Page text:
“This was possibly the greatest film I have ever seen. It was superb on so many different levels. The script, the fighting, the special effects all mould the perfect film. Within the first ten minutes i knew this film was going to keep me on the edge of my seat. I have never been so excited by action scenes before and never laughed with so much shock at the extent of brutal fighting. It is a genre of its own as it has none of that Hollywood business where the bad guys always fail and the main character is invincible and although love is a factor it is not overplayed. This film is electrifying to say the very least. It has more fist action than all the ROCKYs put together, more blood than Goodfellas and is as exciting if not more than a Tarantino film.” Continue reading
Category Archives: Cinema
I’ve been meaning to write about my thoughts about the summer Angelie Jolie/Morgan Freeman starring flick Wanted for some time now. Simply put, I enjoyed it. I haven’t seen a good action flick with a plot that you couldn’t expect 100%. While some things were predictable, the story still entertains even the cynical of movie goers. It was worth the watch.
If you need one line though to describe how the movie played out, I’d say it was: Matrix meet Mission Impossible meet Office Space & you get the movie Wanted.
From Puchon to Jeonju. From Seoul down to Busan, you’ll have plenty of flicks to keep you busy and hopefully entertained this summer. Continue reading
…or should we say Karate Kid V?
Right before I grab a meal at home, I check out some of the local video sites to see if there’s a good flick on. I usually look for a recent movie like a 2007 or 2008 production film…not as much into the classics. So, I click on the first movie with a reference to 2008 and it’s this movie called “Never Back Down.” I have no idea what it’s about, but after enjoying the 110 minute movie, I can only think of one thing: “The Karate Kid” for the year 2008. Continue reading
Two Korean cities compete for productions
By DARCY PAQUET
SEOUL — Many Westerners may only have heard of one city in South Korea: the bustling metropolis Seoul, home to 11 million people (19 million, including the suburbs of Gyeonggi Province). But those with an interest in Korea’s robust film industry are likely to be familiar with the nation’s second city, Busan, a seaside port that is home to 5 million and which hosts Asia’s premier film festival. Seoul may be the undisputed financial, cultural and political center of the country, but nonetheless every year a high percentage of Korean films — including such classics as “Oldboy” — are shot in Busan. Continue reading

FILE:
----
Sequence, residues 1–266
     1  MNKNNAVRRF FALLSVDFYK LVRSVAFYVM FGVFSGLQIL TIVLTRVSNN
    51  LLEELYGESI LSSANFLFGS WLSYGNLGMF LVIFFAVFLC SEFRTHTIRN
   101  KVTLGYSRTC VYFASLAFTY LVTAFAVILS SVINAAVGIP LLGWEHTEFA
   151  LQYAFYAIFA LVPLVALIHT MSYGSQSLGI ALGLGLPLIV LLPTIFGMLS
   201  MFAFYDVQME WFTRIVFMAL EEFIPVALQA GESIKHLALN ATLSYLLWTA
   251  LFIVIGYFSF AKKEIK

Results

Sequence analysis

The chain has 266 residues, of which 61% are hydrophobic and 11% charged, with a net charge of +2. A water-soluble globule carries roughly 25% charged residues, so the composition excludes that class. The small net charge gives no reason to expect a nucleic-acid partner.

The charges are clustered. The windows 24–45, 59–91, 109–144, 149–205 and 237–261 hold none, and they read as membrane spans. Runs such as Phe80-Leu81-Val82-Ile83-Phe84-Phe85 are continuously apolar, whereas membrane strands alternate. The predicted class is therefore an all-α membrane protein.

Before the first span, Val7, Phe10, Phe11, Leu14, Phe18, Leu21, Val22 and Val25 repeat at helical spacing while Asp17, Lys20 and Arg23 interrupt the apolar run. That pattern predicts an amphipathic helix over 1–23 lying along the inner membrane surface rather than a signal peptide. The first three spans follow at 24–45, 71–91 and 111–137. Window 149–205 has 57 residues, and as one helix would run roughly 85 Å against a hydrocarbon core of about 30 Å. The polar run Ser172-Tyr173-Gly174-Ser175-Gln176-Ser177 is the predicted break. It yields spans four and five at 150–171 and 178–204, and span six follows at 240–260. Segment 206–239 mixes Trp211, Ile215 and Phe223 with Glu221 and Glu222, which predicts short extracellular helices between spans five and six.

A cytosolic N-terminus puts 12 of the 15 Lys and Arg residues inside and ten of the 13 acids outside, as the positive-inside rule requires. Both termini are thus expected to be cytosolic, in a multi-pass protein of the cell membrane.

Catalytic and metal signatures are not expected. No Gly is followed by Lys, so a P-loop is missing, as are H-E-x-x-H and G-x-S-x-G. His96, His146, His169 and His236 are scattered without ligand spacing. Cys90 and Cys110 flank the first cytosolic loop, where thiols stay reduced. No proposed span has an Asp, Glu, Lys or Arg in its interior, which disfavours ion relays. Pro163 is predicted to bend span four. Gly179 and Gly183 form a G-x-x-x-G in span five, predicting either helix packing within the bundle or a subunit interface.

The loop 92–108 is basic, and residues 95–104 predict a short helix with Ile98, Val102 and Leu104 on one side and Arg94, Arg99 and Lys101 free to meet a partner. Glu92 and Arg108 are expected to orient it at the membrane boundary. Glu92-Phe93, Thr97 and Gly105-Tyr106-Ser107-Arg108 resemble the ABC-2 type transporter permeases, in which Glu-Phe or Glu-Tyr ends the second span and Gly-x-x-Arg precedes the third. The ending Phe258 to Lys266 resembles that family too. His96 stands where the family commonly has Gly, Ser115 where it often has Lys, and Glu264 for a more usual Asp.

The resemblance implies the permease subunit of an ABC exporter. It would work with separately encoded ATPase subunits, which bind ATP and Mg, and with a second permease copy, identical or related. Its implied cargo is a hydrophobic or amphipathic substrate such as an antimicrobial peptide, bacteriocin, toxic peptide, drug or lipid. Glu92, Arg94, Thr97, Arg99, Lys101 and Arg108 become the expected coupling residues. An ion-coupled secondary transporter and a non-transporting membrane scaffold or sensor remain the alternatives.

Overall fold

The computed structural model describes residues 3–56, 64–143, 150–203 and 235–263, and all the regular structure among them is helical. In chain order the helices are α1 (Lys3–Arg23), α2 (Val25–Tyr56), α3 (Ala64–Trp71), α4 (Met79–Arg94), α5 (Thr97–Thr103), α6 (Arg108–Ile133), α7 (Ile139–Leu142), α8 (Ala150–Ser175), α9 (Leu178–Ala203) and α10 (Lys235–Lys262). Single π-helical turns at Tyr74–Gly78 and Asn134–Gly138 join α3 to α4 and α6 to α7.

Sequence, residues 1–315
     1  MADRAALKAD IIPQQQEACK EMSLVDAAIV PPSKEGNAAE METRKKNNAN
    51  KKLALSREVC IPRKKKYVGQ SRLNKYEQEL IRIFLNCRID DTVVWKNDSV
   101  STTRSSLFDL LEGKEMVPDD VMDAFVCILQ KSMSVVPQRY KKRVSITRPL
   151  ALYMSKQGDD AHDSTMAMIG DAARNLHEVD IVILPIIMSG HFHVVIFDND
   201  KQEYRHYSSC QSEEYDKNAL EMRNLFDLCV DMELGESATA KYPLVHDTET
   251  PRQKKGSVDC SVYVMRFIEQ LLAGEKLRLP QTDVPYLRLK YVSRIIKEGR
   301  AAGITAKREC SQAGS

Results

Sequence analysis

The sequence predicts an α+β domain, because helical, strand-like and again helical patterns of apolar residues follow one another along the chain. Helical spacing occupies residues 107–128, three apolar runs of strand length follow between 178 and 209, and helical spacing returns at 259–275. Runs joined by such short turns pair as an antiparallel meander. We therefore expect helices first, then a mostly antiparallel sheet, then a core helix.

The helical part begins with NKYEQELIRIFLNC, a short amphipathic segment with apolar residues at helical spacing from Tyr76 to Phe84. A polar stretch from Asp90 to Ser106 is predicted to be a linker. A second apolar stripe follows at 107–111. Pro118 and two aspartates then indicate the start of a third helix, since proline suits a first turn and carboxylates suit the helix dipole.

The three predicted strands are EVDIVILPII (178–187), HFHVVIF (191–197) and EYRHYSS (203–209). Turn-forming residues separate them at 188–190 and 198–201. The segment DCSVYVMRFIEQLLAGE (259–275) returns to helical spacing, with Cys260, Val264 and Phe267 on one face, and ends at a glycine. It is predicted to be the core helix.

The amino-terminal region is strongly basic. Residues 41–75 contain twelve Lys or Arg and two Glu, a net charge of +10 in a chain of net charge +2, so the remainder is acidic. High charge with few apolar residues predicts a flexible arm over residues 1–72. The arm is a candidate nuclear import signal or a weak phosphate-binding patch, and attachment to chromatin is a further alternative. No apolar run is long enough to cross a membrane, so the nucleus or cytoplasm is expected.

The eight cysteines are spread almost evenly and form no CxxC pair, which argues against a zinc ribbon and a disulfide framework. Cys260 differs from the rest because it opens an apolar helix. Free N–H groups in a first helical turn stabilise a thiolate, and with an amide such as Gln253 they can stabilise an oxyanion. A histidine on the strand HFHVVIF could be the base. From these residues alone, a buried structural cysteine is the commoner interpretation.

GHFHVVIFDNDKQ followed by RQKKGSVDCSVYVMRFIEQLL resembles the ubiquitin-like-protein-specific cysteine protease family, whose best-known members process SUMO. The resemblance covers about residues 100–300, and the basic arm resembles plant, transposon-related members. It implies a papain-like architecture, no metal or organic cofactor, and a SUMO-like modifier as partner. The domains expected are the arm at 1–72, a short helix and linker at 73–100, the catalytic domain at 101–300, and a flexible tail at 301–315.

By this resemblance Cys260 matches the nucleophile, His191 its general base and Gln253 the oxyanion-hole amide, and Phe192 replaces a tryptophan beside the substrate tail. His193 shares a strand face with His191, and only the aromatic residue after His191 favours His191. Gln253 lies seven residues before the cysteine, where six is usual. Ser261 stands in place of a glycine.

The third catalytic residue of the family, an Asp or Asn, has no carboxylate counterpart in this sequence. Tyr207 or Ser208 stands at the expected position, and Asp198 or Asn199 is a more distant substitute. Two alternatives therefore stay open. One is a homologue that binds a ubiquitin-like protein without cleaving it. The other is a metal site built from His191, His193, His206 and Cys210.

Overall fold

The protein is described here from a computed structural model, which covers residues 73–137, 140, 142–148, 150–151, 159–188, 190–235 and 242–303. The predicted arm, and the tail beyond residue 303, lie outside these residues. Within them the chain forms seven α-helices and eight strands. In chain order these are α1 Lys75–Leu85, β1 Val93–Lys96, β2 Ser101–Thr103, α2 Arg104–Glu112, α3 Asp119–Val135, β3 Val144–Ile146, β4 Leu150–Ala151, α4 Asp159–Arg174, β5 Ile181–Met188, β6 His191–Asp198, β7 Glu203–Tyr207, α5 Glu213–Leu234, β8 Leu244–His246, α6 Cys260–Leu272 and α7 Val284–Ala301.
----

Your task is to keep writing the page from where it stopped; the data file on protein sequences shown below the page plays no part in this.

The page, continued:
“The Kingdom” belongs in a group of movies I like to call the “stir up the emotions” and literally make you want to go out and fight for something type of flicks…just finished watching it. Other movies in this group include “Erin Brockovich,” “Good Will Hunting,” or the “Rainmaker” at least for me. Continue reading
#1. Ford at Fox A beautiful box of 24 John Ford films provides a full, fresh view of the classic American director. Even casual movie fans of a certain age will be familiar with the official classics — Young Mr. Lincoln, The Grapes of Wrath, How Green Was My Valley, My Darling Clementine — but there are other gems (the assassination drama The Prisoner of Shark Island, the Will Rogers Steamboat Round the Bend, the Shirley Temple Wee Willie Winkie) that look gorgeous in new restorations. Another treat: an illuminating documentary, Becoming John Ford, on the director’s relationship with Fox mogul Darryl Zanuck. Continue reading
#1. Michael ClaytonThe title figure, wonderfully played by George Clooney, is the chief fixer for a white shoe law firm — the go-to guy when its powerful clients’ divorces or tax returns get messy. This time he’s dealing with the meltdown of the firm’s chief litigator, determined to cross over from the dark side (a vast American corporation, one of whose products is killing its users) to the light (class action plaintiffs). It’s a morally alert, persuasively realistic and increasingly suspenseful melodrama, impeccably acted and handsomely staged by Tony Gilroy. Continue reading
#1. No Country for Old Men The good guy (Josh Brolin) steals $2 million in drug money. The implacably, mesmerizingly, astonishingly bad guy (Javier Bardem) tries to get it back. And a West Texas sheriff (Tommy Lee Jones) tracks their discursive trails. Adapting Cormac McCarthy’s novel, Joel and Ethan Coen have fashioned a nearly mainstream action movie that is dry, funny, beautifully acted, thrillingly cinematic. After two decades of being brilliant on the movie margins, the Coens are ready for their closeup, and maybe their Oscar. Continue reading
A couple coworkers/friends of mine and I went to see this movie called “Sheek-gek” (in hangul 식객) which I can’t find the translation into English. In Naver’s dictionary, it says it means “a dependent;a hanger-on 《pl. hangers-on》;a parasite I don’t know what this has to do with the flick since it was a battle between two chefs over who would prevail as the best culinary artist. The bad guy of course lost in the end & it had your typical plot where the good guy was disgraced at the beginning, fought the entire movie to prevail in the end. Continue reading